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The Great Cholent Divide_

The Great Cholent Divide_

The key difference between Jews is those who love Cholent and those who hate it.


For a long time I believed that the essential divide among Jews was not between the religious and the secular, nor between the Ashkenazi and the Sephardi, not even between the Democratic and the Republican. I shouldn't have been surprised that the biggest schism in world Jewry was related to food: It was between those who love cholent and those who would never touch the stuff.

For the uninitiated, cholent is a stew of meat, potatoes, beans, and often, kishka (beef soaked in matzo meal and fat), cooked in a slow-cooker and eaten on Shabbat. It sure is filling, but can be a cholesterol nightmare, too, depending on the ratio of meat to fat in the kishka. In addition, according to my local zookeeper, cholent is even a more powerful sleeping agent than bear tranquilizers.

According to my local zookeeper, cholent is even a more powerful sleeping agent than bear tranquilizers.

As a card-carrying member of the anti-cholent brigade, I smugly assumed that my home would always remain a cholent-free environment. After all, I had read about the dangers of second-hand cholent, such as family members and guests falling asleep at the table before the dessert was even served. As long as I wielded the power of the pots, the pans and the mixing spoons around here, I thought I was safe. If anyone in the family wanted to eat that heavy, dark, artery-clogging stew, they could help themselves at the synagogue sponsored Kiddush.

But my children had other ideas.

"Why don't you ever make cholent?" they asked when they outgrew that stage when all they would eat was spaghetti and hot dogs. The request came as a bit of a shock. What was wrong with my normal Shabbat fare of healthy salads and soups, themed variations on chicken, lentils and rice?

The barrage continued: Mrs. Weinberg and Mrs. Firestone made great cholent. Why didn't I get their recipes? I searched in vain for a further defense, but couldn't find one. Maybe I had had a traumatic childhood experience with cholent, but as Dr. Phil would say, time to move on.

Besides, I had to think about our family's reputation. I didn't want my kids to have to accidentally overhear the whispers: "Oh, the Gruens. Their Mom doesn't make cholent, you know. It's so sad," they'd say, shaking their heads with pity.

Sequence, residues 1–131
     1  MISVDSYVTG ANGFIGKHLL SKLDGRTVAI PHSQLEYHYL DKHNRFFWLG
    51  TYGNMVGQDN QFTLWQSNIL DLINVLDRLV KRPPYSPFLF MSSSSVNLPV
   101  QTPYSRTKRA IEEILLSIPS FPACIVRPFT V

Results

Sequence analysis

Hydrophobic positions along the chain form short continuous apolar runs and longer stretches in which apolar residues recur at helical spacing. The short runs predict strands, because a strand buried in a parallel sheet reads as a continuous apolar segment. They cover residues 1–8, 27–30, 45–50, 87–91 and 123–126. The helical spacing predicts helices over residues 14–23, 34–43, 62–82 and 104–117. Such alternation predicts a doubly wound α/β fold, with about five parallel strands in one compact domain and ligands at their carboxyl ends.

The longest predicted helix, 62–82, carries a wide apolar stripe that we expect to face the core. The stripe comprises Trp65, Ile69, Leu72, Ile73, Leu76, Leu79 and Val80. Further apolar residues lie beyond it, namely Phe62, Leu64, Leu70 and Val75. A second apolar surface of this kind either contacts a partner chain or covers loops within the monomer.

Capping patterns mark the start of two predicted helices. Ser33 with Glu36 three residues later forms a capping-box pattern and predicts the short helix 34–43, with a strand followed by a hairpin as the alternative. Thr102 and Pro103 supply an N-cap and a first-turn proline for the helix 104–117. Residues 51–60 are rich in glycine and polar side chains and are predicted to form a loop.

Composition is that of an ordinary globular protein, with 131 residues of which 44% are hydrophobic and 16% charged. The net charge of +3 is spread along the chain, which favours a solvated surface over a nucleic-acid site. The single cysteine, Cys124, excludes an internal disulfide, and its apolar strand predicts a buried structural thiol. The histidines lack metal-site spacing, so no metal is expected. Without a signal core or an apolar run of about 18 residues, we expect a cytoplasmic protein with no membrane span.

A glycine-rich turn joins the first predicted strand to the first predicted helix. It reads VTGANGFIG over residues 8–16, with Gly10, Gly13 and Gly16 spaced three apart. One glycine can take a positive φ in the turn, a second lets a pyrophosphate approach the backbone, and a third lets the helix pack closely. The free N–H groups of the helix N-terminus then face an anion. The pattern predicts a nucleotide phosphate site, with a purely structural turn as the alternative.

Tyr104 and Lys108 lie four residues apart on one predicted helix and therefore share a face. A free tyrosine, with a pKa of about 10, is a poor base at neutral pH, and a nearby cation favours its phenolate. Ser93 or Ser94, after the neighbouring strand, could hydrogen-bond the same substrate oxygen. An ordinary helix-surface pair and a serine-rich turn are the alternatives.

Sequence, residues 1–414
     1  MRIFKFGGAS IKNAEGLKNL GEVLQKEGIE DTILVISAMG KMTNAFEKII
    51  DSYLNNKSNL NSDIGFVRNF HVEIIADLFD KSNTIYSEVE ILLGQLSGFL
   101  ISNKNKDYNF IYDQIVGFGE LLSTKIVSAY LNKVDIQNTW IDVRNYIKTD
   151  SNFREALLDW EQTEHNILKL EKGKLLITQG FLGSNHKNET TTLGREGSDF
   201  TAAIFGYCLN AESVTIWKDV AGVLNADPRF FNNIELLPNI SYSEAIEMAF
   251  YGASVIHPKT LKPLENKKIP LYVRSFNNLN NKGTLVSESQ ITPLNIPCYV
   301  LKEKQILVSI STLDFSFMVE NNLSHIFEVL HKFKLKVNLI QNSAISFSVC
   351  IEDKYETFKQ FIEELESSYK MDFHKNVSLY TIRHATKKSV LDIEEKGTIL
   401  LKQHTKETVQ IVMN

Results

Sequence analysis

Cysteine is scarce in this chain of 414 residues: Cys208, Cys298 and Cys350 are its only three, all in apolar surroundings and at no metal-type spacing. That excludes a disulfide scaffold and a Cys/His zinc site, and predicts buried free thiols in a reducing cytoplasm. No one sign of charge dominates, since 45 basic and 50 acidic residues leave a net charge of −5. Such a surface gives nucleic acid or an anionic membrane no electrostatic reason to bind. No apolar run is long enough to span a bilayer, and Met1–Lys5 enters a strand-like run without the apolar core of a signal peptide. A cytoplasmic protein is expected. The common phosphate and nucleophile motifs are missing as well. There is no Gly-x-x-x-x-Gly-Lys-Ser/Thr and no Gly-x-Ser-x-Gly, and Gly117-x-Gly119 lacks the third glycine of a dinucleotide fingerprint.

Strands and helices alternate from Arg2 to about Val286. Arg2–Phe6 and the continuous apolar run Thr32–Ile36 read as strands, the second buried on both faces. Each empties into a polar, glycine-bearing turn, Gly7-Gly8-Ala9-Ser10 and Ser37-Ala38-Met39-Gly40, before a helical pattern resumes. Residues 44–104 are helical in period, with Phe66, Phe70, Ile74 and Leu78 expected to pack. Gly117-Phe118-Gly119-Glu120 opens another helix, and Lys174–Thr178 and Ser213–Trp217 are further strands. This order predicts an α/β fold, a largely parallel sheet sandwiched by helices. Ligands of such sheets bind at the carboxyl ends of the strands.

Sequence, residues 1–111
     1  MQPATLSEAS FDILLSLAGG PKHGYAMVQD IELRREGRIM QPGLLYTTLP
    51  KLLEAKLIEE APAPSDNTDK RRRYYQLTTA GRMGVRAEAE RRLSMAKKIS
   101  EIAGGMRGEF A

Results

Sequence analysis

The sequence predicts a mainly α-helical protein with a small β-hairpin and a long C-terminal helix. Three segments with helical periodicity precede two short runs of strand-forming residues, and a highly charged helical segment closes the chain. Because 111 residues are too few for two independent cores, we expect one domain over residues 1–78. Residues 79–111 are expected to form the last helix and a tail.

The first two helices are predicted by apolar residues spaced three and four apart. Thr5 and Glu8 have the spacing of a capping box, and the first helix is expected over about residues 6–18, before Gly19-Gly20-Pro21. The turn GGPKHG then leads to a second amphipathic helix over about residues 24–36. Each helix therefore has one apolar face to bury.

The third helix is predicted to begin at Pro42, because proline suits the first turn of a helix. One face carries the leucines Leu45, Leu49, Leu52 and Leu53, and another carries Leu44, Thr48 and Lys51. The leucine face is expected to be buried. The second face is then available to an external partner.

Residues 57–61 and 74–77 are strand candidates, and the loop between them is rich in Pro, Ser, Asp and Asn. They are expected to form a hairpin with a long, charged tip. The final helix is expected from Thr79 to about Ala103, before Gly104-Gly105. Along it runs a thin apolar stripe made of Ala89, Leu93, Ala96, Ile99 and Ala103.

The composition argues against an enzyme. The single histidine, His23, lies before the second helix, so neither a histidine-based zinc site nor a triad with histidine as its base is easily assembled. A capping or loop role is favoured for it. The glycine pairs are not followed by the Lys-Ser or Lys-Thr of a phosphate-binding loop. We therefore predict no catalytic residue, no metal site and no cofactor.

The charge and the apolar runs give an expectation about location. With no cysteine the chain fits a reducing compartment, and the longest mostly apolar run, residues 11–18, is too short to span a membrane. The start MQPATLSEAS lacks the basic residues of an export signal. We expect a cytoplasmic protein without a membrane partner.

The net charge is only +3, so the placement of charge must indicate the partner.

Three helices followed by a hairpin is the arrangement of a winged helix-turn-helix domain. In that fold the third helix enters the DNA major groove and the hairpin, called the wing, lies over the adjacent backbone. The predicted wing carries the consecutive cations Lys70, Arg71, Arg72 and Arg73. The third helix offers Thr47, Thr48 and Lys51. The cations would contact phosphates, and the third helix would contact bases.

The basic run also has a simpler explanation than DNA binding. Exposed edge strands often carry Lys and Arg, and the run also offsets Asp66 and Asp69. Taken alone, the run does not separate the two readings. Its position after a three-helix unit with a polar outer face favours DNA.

No, I could not have this on my conscience.

Additionally, it suddenly seemed that everywhere we were invited for Shabbat, the hosts were sure to bring a steaming, heaping bowl of cholent to the table. As my kids took generous helpings, my sense of guilt grew heavier than the stew. Why, I began to feel that I was a rebellious daughter of Israel, flagrantly violating the 614th commandment: "Thou Shalt Make Cholent!"

I felt like a rebellious daughter of Israel, violating the 614th commandment: "Thou Shalt Make Cholent!"

Finally, I was given an ultimatum by my son Noach, whose culinary tastes are strictly Eastern European: If I wouldn't make cholent, then he would! Now this is a kid whose most advanced "cooking" was melting cheese on a bagel in the microwave. Clearly, the cholent issue had reached a boiling point. I relented, reached for a cookbook, and made my maiden batch. The recipe was so easy; how bad could it be?

When I saw the kids pouring mounds of salt, ketchup and various other seasonings in their bowls, I had my answer. Now my ego was at stake, and I vowed to do better. The next week, I found another recipe, and received rave reviews. "Not bad, Mom," one mumbled. (Bear in mind, coming from a teenager, this is wild enthusiasm.)

I sat up a little higher, buoyed by my first cholent success. Now my kids could hold their heads high among their peers. We could invite the best of the Jewish world over for a meal, and we would not be shamed by a failure to deliver cholent. But after lunch, Noach made a confession: He had secretly added various ingredients to the pot.

"What did you add?" I asked, eager to see what I could learn.

"More garlic, some barbeque sauce, a chicken leg, and some other things you probably don't want to know about," he answered cryptically.

My resistance finally broken, my children proved victorious, and cholent became a staple of our Shabbat meals. As for me, I am slowly recovering from my irrational feelings toward cholent. As part of my therapy, I take small spoonfuls of it each week. I only wonder: if this stuff is so great, how come nobody will eat the leftovers on Sunday?


April 28, 2007

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Visitor Comments: 4

(4) Natan, February 19, 2009 1:44 PM


This is a funny story so true by the way my wife wont make it and I cant figure out how maybe I need a good reciepe

(3) saraa adelson, October 9, 2007 2:41 PM

L'Koved Shabbos Kodesh Judy

Shabbos makes everything taste better than it would during the week. Shabbos elevates cholent to heights it could never reach on a normal weekday. No wonder no one in your family eats the left-over cholent. Beginning motzei shabbos, the cholent contracts from its heightened status and becomes meat and fat and a few ingredients in a bowl that has been cooking for 30 hours or so. Not so appetizing on Sunday.
I loved your article and your willingness to move towards cholent.

(2) Hinda Bina, June 14, 2007 3:32 PM

The Cholent Conflict Continues!

Around my home we have the opposite issue; I love cholent and would make it at the drop of a hat, but my husband hates the stuff. I once made Hungarian beanless cholent which Eli (my husband) did eat, but I didn't like it. So, no Shabbos cholent for us.

(1) Mariana, May 9, 2007 8:48 PM

So true!

My family and I went thru the same issues with cholent and, like an author, I try a spoon per week. So, why nobody in my family its it on Sunday? :-)

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